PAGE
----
Firefly, The (1937): MGM Star Vehicle for Operetta Singer Jeannette MacDonald

Jeannette MacDonald gets above the title star billing in The Firefly, MGM lavish screen version of the 1912 operetta by composer Rudolf Friml and librettist Otto A. Harbach.

Quite unusually, most of the work’s music is used, though applied to a new story, now set in Spain during the time of Emperor Napoleon I.

The movie added a new song, “The Donkey Serenade” (Herbert Stothart of Friml’s 1918 orchestral piece ‘Chanson’), which became popular with audiences.

The film’s original prints were tinted with Sepia-Blue, Orange and Pink; in the same year, the first version of A Star Is Born, with Fredric March and Janet Gaynor, also experimented with color.  However, on TV it is shown in black-and-white.

MacDonald plays secret agent Nina Maria Azara, working undercover for Spain’s King (Tom Rutherford)) as a singer known as “Mosca del Fuego” or “Firefly.”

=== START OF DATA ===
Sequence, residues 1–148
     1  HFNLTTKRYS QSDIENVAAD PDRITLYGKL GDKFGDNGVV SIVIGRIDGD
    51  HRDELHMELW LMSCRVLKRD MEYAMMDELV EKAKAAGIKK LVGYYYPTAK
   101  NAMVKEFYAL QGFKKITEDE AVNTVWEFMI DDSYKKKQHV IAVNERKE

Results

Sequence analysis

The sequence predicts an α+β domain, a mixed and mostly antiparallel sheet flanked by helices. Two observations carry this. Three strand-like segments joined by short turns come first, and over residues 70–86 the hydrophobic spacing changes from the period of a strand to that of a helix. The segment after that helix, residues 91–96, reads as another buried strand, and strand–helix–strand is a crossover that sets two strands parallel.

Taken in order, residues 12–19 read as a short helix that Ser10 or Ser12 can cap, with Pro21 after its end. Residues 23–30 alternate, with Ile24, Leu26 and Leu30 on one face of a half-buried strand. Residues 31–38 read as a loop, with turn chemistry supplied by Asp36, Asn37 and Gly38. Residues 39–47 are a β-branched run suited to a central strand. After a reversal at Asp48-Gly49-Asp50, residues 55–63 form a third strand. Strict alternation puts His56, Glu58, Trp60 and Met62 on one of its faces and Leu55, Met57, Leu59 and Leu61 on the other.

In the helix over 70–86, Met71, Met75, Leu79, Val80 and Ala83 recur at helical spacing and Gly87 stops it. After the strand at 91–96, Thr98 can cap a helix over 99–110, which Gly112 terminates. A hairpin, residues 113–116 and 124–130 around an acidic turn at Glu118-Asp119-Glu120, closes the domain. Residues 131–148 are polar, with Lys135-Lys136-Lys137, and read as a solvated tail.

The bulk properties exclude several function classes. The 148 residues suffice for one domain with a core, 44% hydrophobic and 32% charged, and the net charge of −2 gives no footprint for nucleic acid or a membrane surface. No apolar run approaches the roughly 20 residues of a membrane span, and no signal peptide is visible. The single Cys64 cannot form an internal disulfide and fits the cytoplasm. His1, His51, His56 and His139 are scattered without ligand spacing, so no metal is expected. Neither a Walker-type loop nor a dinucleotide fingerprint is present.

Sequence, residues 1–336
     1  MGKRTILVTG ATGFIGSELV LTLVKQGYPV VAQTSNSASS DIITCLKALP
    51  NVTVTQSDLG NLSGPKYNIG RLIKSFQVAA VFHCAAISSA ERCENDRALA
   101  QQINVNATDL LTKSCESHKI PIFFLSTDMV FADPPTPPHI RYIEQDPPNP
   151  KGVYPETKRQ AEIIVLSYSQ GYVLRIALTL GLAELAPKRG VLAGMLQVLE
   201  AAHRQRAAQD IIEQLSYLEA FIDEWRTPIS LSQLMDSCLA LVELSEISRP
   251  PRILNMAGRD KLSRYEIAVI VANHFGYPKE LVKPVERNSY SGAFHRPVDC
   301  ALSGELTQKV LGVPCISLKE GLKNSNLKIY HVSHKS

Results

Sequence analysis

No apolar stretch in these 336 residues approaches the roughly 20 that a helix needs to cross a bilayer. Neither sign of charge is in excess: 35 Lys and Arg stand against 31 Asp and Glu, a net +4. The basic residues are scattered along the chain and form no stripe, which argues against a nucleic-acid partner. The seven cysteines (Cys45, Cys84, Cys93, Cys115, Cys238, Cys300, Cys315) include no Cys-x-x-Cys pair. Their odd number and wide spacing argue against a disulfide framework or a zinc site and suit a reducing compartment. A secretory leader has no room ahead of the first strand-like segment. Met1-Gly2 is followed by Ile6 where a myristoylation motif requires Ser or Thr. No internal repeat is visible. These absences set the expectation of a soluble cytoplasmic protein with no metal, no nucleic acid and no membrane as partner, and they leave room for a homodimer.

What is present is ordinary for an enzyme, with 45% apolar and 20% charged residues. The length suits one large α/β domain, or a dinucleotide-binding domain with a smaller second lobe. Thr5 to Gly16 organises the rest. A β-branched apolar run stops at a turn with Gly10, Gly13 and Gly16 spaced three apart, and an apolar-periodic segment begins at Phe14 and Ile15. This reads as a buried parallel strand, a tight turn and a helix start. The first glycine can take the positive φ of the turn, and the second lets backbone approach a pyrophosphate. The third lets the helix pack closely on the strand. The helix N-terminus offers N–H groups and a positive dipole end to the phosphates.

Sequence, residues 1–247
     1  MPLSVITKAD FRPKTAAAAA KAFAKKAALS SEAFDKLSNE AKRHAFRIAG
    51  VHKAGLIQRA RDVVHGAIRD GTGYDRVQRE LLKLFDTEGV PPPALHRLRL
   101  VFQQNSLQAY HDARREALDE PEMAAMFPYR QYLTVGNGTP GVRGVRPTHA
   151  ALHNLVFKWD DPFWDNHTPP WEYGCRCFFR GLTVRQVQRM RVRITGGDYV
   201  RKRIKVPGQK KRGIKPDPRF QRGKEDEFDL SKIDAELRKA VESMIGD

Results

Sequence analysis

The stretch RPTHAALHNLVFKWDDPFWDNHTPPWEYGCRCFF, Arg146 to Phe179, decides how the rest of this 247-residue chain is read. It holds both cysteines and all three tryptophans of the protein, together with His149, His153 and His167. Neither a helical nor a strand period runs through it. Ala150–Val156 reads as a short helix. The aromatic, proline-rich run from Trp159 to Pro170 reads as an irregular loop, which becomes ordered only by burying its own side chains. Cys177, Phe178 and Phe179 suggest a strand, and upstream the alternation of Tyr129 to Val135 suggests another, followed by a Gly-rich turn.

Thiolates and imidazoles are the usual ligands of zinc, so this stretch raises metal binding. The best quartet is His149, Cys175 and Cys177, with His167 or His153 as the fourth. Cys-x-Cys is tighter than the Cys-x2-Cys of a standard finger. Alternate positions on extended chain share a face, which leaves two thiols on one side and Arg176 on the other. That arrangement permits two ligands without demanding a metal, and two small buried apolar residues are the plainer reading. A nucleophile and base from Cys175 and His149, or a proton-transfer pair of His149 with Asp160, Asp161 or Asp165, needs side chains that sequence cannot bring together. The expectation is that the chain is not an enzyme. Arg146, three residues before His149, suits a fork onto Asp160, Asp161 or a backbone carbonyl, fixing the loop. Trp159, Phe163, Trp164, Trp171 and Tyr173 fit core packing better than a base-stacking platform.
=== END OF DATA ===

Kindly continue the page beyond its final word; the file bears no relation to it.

She is in love with Captain Andre (Allan Jones), but manipulates to orchestrate change of the French defensive positions, thus facilitating Duke of Wellington to win the Battle of Victoria.

In the predictable happy ending, Nina and Andre leave together.

The historical set design is the usual MGM kitsch style, but MacDonald overcomes the shortcomings of the nonsensical plot with her charm and vocal range.

It is not one of the star’s strong features, but her fans embraced the movie as yet another vehicle created specifically for MacDonald, who, by Hollywood standards, had a rather short career.